Darice Toon, DirectorDivision of Community Development 30 Montgomery Street, Suite 404 Jersey City, New Jersey 07302
About 900 vacant properties in Jersey City Properties are monitored on an on-going basis by Code Enforcement. Comprehensive files are maintained on all vacant properties. Properties scattered throughout the City Highest concentrations are in lower income sections of the City. Low income sections are most impacted by foreclosures and high risk loans.
Most properties are in need of moderate to substantial rehabilitation Some properties need to be demolished. Some properties are located in areas where significant federal, state & local resources have been invested.
Mayor’s Quality of Life Tasks Force consist of: Municipal agencies and divisions Ex: Police, Fire, Code Enforcement, Community Development, Mayor’s Action Bureau Private organizations Ex: PSE&G and United Water
Close illegal rooming houses and apartments Address vacant property issues by insuring the following: Security of property Removal of weeds and debris Removal of squatters and animals Maintenance of quality of life for residents
Ordinance took effect on October 15, 2011 About 600 property owners have received notices to date. City is in the process of sending notices to the final 300 property owners. Property owners must pay a $250.00 fee initially and $500.00 subsequently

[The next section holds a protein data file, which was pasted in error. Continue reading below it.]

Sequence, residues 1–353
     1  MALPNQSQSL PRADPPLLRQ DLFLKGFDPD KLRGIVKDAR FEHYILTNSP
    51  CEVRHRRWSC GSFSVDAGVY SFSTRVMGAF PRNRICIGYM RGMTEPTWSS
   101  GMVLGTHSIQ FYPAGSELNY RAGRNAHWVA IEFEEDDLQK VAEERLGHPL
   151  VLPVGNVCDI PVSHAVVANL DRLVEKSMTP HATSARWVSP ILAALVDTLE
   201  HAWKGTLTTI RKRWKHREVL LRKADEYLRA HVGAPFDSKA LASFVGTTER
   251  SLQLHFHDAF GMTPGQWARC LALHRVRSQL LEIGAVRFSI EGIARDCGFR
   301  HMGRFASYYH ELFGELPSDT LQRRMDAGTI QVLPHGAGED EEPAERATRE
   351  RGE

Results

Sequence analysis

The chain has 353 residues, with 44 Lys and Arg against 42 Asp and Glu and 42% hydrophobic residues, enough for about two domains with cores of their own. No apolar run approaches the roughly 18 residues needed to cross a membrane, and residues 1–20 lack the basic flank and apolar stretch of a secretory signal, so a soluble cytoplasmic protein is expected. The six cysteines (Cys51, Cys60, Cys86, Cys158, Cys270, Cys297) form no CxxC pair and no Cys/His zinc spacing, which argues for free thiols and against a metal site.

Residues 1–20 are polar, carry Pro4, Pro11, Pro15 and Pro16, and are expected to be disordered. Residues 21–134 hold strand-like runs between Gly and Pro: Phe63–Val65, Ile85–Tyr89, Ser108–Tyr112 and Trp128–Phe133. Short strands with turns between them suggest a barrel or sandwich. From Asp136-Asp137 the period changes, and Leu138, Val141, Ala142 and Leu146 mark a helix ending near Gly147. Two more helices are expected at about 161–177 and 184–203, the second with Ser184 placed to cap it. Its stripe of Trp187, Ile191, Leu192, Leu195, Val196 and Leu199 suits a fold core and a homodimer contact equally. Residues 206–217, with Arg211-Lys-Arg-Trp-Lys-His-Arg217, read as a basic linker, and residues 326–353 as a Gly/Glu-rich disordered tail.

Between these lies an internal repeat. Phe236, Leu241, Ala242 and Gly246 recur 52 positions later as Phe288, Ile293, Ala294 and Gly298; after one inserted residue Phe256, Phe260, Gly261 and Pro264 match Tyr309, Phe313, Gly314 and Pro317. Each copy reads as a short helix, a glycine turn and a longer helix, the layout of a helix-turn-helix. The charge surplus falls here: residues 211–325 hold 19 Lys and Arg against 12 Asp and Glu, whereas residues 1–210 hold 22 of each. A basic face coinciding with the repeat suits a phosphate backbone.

Enables the City to obtain relevant information about property owners. Allows the city to issue summons to owners who fail to register their property. Compels owners to take action to get their property back into use. Helps to generate revenue to cover some costs associated with monitoring vacant properties.
250 properties have been registered. This represents a 41.7% compliance rate thus far (based on 600 notices mailed to date). To date, $62,500 has been collected. Approximately 60 summons have been issued. Additional summons are pending.
November 11, 2011 the City published a list of the 40 most egregious abandoned properties. Initial criteria for selecting properties: 1) Received significant complaints due to illegal activity. 2) Owners failed to take action in spite of previous City intervention. Preparing to publish a second list of 25 additional properties.
Held a “Great Vacant Building Count” on March 8, 2012. Additional counts will be held in subsequent months on the 8th of each month. Collaboration between various city departments, autonomous agencies, block associations and grassroots organizations. Purpose is to systematically assess the City’s vacant housing inventory.